Once, Aristotle, the famous ancient Greek philosopher, asked an old carpenter how long he had used his knife. Thirty years, the carpenter replied. He had changed a blade a few times and the handle a few times, but the knife was the same, added the carpenter.
Something similar has happened to the Indian epic, Ramayana. Writers in different places and in different languages, have composed the Ramayana down the ages. They carry with them the flavours of local cultures, and each one proudly takes its place in the gallery of Ramayanas.
While Valmiki’s Ramayana or Tulsidas’ ‘Ramcharitmanas have been more dominant, there is the well known Tamil account ‘Iramavataram’ by Kampan, Kannada folktales, a Jain Ramayana and even a Thai Ramayana (‘Ramkien), which points to the influence of Indian culture in South-east Asia in the past.
These are just a handful of the many different versions of Ramayana there are in our country. And in each Ramyana, the importance given to the different characters is unique. This is pointed out by scholar Paula Richman in her book, ‘Many Ramayanas’.
For instance, Valmiki’s focus is on Rama and his early history. He sees Rama as a god-man with human failings. In Kampan and Tulsi, Rama is seen as a god, and Kampan’s Ramyana has some of the most beautiful descriptions of nature of the Tamil countryside. In the Jaina Ramayana, Rama is described as an evolved Jain who is in his last birth cycle. As a Jain he is against fighting; it is Lakshmana who kills Ravana.
The Thai Ramayana, called ‘Ramkien’ focuses more on the war of Rama and Ravana and the details of battle techniques and the weapons. This is so because early Thai history is full of wars. And Hanuman is seen as something of a ladies man. And Telugu folksongs talk more of Sita’s unhappiness in a male-dominated world.
About eighty years ago, one of the most powerful versions of the Ramayana was written by EV Ramasami Naicker, who founded the Dravida movement in Tamil Nadu. His fight was against the caste system that had been kept in place by Brahmins.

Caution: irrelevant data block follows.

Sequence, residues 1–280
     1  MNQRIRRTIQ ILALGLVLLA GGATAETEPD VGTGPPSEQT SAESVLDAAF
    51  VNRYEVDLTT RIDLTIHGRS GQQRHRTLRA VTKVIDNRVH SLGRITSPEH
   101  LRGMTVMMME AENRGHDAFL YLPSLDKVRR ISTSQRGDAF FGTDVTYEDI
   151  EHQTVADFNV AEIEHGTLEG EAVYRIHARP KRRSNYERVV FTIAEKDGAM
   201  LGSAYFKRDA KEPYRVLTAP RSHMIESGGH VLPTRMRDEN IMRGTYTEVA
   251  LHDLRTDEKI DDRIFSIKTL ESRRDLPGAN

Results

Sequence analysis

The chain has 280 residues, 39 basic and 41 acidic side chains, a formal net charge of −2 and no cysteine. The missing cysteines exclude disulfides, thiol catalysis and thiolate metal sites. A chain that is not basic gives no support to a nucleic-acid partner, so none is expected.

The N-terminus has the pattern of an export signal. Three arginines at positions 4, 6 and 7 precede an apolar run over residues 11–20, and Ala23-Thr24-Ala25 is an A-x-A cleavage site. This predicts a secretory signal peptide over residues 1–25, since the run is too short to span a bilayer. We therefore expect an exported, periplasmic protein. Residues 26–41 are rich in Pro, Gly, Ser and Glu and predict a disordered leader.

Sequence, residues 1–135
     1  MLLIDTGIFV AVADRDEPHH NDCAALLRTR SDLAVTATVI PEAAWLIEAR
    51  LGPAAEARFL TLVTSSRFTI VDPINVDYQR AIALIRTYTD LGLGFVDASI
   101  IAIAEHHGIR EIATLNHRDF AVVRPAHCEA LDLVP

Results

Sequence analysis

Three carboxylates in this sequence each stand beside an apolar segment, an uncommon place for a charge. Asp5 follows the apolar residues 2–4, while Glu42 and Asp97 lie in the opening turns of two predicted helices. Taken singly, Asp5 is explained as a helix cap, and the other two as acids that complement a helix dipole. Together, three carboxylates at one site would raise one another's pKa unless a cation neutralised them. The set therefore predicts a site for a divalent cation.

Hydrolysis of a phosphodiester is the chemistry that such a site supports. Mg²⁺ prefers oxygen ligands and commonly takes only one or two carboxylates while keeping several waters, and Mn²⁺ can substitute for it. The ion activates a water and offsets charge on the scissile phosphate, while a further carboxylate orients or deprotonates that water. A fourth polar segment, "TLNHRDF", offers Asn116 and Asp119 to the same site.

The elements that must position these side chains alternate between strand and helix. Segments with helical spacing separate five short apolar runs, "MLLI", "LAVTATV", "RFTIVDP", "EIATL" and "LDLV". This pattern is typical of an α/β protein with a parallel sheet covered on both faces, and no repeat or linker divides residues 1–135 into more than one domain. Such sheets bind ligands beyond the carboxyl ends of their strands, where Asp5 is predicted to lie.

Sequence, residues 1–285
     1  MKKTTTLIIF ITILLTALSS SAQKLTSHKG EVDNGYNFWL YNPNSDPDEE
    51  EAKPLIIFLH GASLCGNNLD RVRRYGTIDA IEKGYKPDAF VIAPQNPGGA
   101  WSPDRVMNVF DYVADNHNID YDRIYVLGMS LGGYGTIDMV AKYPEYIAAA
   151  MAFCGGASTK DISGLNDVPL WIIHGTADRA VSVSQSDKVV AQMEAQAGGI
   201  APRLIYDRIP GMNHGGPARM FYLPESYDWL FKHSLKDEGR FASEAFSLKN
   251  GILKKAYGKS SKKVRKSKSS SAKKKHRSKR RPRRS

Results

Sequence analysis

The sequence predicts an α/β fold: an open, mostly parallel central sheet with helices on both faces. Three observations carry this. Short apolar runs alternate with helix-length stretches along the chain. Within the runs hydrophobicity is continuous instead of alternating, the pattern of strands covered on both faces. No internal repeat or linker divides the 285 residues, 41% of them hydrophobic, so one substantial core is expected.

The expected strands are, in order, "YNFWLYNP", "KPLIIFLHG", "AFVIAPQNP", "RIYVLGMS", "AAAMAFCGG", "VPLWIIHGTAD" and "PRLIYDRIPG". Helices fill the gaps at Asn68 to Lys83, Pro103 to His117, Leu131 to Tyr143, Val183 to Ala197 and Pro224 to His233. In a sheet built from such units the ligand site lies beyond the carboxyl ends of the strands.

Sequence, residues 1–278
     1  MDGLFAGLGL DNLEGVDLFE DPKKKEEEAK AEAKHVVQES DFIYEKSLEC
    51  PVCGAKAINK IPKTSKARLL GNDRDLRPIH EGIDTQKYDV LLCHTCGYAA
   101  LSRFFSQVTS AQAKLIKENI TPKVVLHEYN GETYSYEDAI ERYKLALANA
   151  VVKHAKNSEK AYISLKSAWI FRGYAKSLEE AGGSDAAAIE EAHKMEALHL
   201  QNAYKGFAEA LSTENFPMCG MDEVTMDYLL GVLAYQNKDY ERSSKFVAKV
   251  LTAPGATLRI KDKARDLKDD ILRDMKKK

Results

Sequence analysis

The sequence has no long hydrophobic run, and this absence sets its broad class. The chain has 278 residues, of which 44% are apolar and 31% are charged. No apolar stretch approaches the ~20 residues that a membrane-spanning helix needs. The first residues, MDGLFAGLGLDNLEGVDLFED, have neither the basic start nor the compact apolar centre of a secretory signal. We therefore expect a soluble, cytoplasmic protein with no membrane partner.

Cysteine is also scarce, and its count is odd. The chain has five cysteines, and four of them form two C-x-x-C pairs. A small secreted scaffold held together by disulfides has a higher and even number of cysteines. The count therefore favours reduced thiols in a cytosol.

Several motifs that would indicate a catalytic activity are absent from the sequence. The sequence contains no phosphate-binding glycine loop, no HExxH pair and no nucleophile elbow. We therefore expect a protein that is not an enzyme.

Each of these Ramayanas is deeply rooted in the culture that it springs from – the religious beliefs of different communities, the way they structured their families and relationships in society, the duties of different members in a family, among other things.
The Ramyana has remained a top favourite with people down the ages. It has almost become like the story of a typical family that is repeated in different ways in each household, in different places. Some see the Ramayana as upholding the ideal of a good ruler or a dutiful son; some are sad by what they think is Rama’s lack of faith in his wife Sita.
All later Ramayanas refer to previous Ramayanas in an interesting way. In one Ramayana, written more than 400 years ago, Rama does not want to take Sita in exile with him to the forest.
Sita argues with him at first, saying she is his wife and that she must go. When he still says no, Sita bursts out in fury: “Countless Ramayanas have been composed before this. Do you know of one where Sita doesn’t go with Rama to the forest?”
A variety of tellings of the Rama story also exist in Tibet, Thailand, Burma, Laos, Cambodia, Malaysia, Java and Indonesia. And each one’s Ramayana reads differently. So while the bare bones of the story of Rama may be the same, each telling of the story has got the features of the place it sprang up from.